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Friday, August 20, 2004

Seymour Hersh's October September Surprise

I'd like to take a moment here to state my belief that Seymour Hersh is a national treasure and a reminder of the power of journalism. I feel even more strongly about that this morning.

The inimitable Mr. Hersh will be releasing a book on Sept. 13, the aptly titled Chain of Command: The Road from 9/11 to Abu Ghraib. I'd imagine this book will have information Hersh has said he has, but has yet to publish in the New Yorker Harper Collins has a publicity blurb over on their site:

Since September 11, 2001, Seymour M. Hersh has riveted readers -- and outraged the Bush Administration -- with his stories in The New Yorker, including his breakthrough pieces on the Abu Ghraib prison scandal. Now, in Chain of Command, he brings together this reporting, along with new revelations, to answer the critical question of the last three years: how did America get from the clear morning when hijackers crashed airplanes into the World Trade Center and the Pentagon to a divisive and dirty war in Iraq?

Hersh established himself at the forefront of investigative journalism thirty-five years ago when he broke the news of the massacre at My Lai, Vietnam, for which he won a Pulitzer Prize. Ever since, he's challenged America's power elite by publishing the stories that others can't, or won't, tell. In exposés on subjects ranging from Saudi corruption to nuclear black marketeers and -- months ahead of other journalists -- the White House's false claims about weapons of mass destruction, Hersh has cemented his reputation as the indispensable reporter of our time.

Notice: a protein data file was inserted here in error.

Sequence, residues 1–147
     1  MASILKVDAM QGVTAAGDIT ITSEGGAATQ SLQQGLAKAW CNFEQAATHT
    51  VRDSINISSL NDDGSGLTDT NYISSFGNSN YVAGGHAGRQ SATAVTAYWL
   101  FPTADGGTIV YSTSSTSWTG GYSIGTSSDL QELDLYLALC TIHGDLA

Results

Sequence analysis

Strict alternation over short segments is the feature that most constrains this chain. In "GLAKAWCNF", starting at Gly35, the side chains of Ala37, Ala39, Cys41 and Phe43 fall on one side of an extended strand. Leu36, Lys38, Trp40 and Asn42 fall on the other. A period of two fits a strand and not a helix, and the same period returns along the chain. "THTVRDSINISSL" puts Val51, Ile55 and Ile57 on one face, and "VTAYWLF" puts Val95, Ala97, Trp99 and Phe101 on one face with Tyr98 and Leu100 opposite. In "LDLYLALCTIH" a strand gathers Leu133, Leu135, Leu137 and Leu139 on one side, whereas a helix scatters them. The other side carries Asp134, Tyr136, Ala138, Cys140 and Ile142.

In Chain of Command, Hersh takes an unflinching look behind the public story of President Bush's "war on terror" and into the lies and obsessions that led America into Iraq. He reveals the connections between early missteps in the hunt for Al Qaeda and disasters on the ground in Iraq. The book includes a new account of Hersh's pursuit of the Abu Ghraib story and of where, he believes, responsibility for the scandal ultimately lies. Hersh draws on sources at the highest levels of the American government and intelligence community, in foreign capitals, and on the battlefield for an unparalleled view of a crucial chapter in America's recent history. With an introduction by The New Yorker's editor, David Remnick, Chain of Command is a devastating portrait of an Administration blinded by ideology and of a President whose decisions have made the world a more dangerous place for America.

Chain of Command is available now for pre-order at Amazon. It should be a very revealing, interesting, explosive, and, I fear, disturbing read.

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